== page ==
, author of a Carnegie
Corporation of New York
report on media consumption.

On the news media Merrill says, “The future course of
news is being altered by technology-savvy young people no longer
wedded to traditional news outlets or even accessing news in
traditional ways.

Rupert
Murdoch speaking to the American Society of Newspaper Editors in
April 2005
reinforced the point,

What is happening right before us is,
in short, a revolution
in the way young people are accessing
news. They don’t want to rely on the morning paper for their
up-to-date information. They don’t want to rely on a God-like
figure from above to tell them what’s important. And to carry the
religion analogy a bit further, they certainly don’t want news
presented as gospel.

Murdoch states that where four out of every five Americans in 1964
read a paper every day, today, only half do. For younger readers the
figures are even worse.

So what happened to 18-24 year
olds usage of traditional media like TV and newspapers?
The
answer is they are early adopters of new media. New media includes:

  • the internet

  • picture phones

  • instant messaging

  • blogging

  • cell phones

  • MP3 players

  • satellite radio

  • text messaging

  • TiVo/Replay

  • broadband TV and web radio.

But its not only the news industry that is feeling the
pre-tremors of the volcanic eruption that technology is about to
unleash, as Lord
Currie
described it in a Royal Television Society Fleming
Memorial Lecture in 2004. He believes that over the next 10 years
audiences will move away from the linear, scheduled world where
relatively limited number of distributors who push their content at
the viewer…. “we will instead enter a world where content is
increasingly delivered through internet-protocol-based networks that
are non-linear, on-demand and entirely self-scheduled. In that world,
the viewer – not the broadcaster – will decide what is consumed
and how.

BT’s announcement in July 2005 that it is to launch
an IPTV
channel
in conjunction with Microsoft demonstrates exactly what
Lord Currie means as technology goes up though the gears.

IPTV aggregates and amplifies this fundamental change in how we,
collect, edit and consume information or content and share it with
our friends.

Howard Rheinegold author
of the book Smart
Mobs
believes that the mobile phone amplifies peoples talents for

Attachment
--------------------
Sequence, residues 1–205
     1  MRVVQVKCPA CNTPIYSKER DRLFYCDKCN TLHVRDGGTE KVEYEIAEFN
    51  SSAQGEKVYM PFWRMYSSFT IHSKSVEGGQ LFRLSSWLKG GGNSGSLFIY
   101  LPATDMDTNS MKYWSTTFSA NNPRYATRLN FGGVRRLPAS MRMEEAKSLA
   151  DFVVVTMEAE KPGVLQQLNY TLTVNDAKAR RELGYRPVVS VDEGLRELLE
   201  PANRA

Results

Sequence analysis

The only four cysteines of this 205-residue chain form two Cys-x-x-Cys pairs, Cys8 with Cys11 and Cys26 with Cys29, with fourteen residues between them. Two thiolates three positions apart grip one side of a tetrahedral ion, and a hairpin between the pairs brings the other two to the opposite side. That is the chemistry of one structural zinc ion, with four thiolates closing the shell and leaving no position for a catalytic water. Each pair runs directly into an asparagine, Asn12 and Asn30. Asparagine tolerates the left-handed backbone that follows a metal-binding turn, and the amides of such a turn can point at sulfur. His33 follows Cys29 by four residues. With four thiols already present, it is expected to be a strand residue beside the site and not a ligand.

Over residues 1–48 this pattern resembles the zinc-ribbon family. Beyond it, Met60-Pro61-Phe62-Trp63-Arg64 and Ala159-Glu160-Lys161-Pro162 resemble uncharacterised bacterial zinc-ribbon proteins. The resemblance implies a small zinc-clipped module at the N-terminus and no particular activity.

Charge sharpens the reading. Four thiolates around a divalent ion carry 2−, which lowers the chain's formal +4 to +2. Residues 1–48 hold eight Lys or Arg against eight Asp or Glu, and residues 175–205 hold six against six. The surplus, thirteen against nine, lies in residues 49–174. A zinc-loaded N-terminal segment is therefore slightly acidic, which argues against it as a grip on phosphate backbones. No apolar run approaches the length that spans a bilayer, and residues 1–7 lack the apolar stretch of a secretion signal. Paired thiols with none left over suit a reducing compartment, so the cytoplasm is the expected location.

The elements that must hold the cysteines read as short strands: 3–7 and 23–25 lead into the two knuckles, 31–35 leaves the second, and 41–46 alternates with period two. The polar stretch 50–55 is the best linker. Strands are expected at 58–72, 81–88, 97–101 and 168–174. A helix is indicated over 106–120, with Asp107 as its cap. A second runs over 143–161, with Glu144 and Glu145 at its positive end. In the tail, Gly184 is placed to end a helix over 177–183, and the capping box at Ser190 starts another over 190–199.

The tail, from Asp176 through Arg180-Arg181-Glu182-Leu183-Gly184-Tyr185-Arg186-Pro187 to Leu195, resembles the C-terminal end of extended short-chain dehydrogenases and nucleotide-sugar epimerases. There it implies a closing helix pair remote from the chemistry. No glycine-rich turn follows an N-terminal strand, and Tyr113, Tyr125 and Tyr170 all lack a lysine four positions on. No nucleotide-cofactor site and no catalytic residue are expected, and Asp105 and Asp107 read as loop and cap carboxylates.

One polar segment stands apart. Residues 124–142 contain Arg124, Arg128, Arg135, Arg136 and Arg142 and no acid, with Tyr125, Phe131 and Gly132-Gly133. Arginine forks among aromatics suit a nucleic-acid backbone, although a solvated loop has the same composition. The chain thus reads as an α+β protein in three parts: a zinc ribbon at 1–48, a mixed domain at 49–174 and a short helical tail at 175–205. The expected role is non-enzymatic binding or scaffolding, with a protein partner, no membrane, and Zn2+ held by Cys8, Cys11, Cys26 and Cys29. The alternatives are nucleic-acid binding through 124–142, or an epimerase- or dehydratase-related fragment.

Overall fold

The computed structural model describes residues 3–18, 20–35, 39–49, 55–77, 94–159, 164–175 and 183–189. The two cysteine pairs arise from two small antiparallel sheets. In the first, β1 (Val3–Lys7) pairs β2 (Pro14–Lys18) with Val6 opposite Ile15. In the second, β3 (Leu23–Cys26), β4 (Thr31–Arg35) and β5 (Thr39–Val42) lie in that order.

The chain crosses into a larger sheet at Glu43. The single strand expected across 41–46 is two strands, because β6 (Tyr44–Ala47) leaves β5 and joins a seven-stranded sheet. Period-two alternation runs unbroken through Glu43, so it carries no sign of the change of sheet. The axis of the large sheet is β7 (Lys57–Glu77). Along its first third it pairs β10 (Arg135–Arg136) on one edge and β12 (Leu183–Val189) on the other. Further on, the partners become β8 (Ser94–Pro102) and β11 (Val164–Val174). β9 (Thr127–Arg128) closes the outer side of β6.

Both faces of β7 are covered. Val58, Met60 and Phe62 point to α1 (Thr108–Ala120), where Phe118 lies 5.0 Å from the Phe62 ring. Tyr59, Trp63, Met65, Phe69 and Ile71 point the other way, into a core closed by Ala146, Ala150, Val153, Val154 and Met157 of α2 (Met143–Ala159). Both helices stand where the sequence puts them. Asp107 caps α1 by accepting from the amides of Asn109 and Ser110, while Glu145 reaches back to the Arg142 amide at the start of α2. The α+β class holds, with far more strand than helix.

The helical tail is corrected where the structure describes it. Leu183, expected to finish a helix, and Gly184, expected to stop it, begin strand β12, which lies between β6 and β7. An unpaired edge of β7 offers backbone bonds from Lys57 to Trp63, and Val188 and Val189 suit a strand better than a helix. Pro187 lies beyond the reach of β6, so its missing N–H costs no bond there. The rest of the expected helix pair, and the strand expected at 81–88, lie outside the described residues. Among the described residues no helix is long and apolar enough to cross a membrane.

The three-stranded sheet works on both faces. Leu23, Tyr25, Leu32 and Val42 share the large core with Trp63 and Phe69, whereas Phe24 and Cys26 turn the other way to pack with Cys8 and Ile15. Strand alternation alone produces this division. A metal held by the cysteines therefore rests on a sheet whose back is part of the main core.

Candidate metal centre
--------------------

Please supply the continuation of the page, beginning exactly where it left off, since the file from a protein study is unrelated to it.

co-operation.

The internet amplifies human interaction.

That is why MTV have recently launched 2 broadband channels whilst
AOL has created a partnered multimedia production company that will
accelerate its live entertainment events online, as well as for TV,
cell phones and other media platforms.

The internet + broadband has put the “me” into media, and Jeff
Jarvis
at Buzzmachine
describes traditional mass media channels as cold media, whereas,
community sites like wikipedia, blogs, commercial online enterprises
like ebay, Amazon etc., are what he describes are hot media.

Vital, emergent, with two way flows of communication, the
connection of many-to-many – social media.

To put this in
context, last July’s tragic bombings in London demonstrated how far
we have come in how we collect, share, create, and disseminate
information. Newsweek (July 9,2005) describes the most dramatic
example of this,

The biggest story on Thursday was Wikipedia,
the online encyclopedia that Internet users around the world freely
add to and edit. Yesterday’s
entry on the London bombings
was amended, edited and updated by
hundreds of readers no fewer than 2,800 times throughout the day.

The
entry has photographs
, detailed timelines, contact numbers, a
complete translated statement by the jihadist group claiming
responsibility for the attacks and links to other Wikipedia entries.

The first video pictures broadcast from CNN came from a citizen
journalist, as did many images broadcast by the BBC.

The BBC is no slouch these days has understood the implications
for its organization. And has for example taken a “pioneering
new approach to public access rights in digital age.
” For
example The
Creative Archive Project
. The project will allow British
residents to download clips of BBC factual programmes from bbc.co.uk
for non-commercial use, keep them on their PCs, manipulate and share
them, thereby making the BBC archives more accessible to licence-fee
payers. In the next, pilot phase of the project the Creative
Archive
will make 100 hours of BBC content available.

To
see how connected communities are generating a paradigm shift in how
businesses can connect and co-create value with their audiences, we
look to Korea and the online newspaper, OhMyNews.
OhMyNews is the third largest newspaper in Korea, but the important
part is that it has 26,000 citizen reporters that contribute to the
newspaper. Get your story published and you receive $20 USD and your
name in print.

ohmynews_logo.gif

Founder and Editor Oh
Yeon-ho
said in an interview with Wired Magazine “With
OhmyNews, we wanted to say goodbye to 20th-century journalism where
people only saw things through the eyes of the mainstream,
conservative media. Our main concept is every citizen can be a
reporter. We put everything out there and people judge the truth for
themselves.

The Guardian
(who has its own blog) has described it as the world’s most
domestically powerful news site and, a South Korean diplomat was
quoted as saying that no policy maker can now ignore OhMyNews.

Ebay,
Yahoo
Social Search
, SMS
messaging
and Skype in
telecoms, music file sharing, Wikipedia and OhMyNews all show how
enabling or capturing peer-to-peer information flows can transform